‘If you see so many of us on the road you will think we enjoy the work; it is a very dangerous work that puts your life on the line every minute. That is only one part of it.

If you know what these Lagos indigenes do to us in the name of council, garage, local government and state ticketing, you will think we are illegal refugees who have no right to work and live on Yoruba soil. They harass and intimidate and extort money from us and they use very wicked and crude methods.

‘No matter how you complain to the police and the traditional rulers, you will still pay outrageous amounts or they seize your okada and use the police to lock you up.

Many of our members have been in and out of Ikoyi and Kirikiri prisons on false charges. Police and LASTMA and KAI officials live on our daily labour by force with threat and intimidation and brutalising any of us who fails to give in to their demands.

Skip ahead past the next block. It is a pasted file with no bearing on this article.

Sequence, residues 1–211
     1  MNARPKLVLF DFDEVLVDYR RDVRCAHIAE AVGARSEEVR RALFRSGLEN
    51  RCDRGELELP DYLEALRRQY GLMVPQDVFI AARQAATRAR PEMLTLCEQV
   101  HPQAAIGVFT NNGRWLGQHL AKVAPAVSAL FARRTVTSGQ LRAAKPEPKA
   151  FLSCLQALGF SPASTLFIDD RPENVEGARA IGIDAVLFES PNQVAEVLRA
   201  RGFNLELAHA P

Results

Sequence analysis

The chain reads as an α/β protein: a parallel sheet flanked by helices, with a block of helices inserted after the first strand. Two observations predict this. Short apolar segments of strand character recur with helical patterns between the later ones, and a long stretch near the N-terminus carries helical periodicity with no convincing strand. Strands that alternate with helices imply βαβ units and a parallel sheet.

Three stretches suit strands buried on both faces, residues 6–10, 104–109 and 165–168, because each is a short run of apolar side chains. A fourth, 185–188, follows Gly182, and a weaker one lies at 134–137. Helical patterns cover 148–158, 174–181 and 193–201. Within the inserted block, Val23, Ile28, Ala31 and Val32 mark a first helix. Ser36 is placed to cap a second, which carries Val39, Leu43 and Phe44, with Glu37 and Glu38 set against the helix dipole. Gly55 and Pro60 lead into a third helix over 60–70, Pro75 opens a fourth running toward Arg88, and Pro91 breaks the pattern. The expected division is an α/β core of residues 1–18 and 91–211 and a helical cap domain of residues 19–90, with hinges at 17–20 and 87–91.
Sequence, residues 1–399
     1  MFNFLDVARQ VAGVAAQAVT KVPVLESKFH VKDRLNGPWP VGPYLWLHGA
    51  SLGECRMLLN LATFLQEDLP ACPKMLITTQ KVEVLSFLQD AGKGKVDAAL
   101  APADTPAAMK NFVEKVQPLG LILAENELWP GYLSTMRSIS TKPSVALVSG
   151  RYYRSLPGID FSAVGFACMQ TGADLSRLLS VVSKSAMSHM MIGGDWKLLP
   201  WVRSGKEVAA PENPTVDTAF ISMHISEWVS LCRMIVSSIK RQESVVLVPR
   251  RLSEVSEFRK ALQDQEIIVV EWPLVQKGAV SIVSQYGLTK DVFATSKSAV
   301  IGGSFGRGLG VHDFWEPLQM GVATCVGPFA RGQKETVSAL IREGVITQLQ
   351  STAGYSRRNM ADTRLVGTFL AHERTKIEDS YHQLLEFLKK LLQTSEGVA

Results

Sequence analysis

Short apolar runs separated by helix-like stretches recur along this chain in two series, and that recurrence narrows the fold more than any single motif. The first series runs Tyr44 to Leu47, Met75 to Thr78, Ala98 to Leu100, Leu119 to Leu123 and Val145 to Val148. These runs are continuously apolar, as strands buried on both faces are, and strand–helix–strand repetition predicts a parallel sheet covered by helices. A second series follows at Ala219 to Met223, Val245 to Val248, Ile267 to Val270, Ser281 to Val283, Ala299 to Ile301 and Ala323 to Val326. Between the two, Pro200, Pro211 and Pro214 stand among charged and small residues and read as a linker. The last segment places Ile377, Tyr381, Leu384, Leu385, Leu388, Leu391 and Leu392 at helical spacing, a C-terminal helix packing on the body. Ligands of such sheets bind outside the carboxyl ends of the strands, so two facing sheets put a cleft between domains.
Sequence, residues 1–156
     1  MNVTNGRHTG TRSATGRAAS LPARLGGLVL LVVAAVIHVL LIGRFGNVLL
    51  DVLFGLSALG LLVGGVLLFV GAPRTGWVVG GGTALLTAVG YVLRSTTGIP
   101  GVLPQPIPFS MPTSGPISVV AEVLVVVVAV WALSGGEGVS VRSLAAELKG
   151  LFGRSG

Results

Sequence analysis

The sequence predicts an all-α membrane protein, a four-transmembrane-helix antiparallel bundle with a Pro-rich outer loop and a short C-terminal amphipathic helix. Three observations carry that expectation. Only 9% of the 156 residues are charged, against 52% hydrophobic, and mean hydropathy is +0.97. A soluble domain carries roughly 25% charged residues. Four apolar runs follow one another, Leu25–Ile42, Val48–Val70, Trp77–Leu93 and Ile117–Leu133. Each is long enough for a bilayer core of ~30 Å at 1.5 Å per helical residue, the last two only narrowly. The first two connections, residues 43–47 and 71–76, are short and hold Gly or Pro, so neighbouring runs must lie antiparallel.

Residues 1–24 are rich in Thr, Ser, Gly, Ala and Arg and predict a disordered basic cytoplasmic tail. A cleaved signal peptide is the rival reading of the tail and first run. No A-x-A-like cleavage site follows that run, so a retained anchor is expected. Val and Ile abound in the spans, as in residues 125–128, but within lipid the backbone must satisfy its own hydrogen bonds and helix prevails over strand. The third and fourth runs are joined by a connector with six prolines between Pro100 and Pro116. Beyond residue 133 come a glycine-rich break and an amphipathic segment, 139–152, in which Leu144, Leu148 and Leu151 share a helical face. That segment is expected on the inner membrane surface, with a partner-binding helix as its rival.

‘Our association has taken the Motorcycle Owners Association of Lagos State (MOALS) to court over illegal ticketing and millions of naira they owe us but the case is still dragging in court for over 10 years. They say you cannot win any case against the owners of the land.

‘I can go on and on; so if Lagos State Government decides to ban okada from the whole state we shall still survive; our members will find another honest and genuine source of livelihood.

In fact, let them do it quickly so that the area boys, the council and government officials will find another way to survive. My fear is that those people will stop at nothing to steal where they did not sow and I wonder how government and ordinary people of Lagos will cope.’

Boniface Ibe, who used his retirement benefits as a security man from Unilever to buy a motorcycle, took up another security job on N10,050 a month and rode his okada on his off days to make ends meet. Sometime last year, he resigned his job and began a full-time business riding his okada. When the matter of the impending ban was put to him, he did not mince words: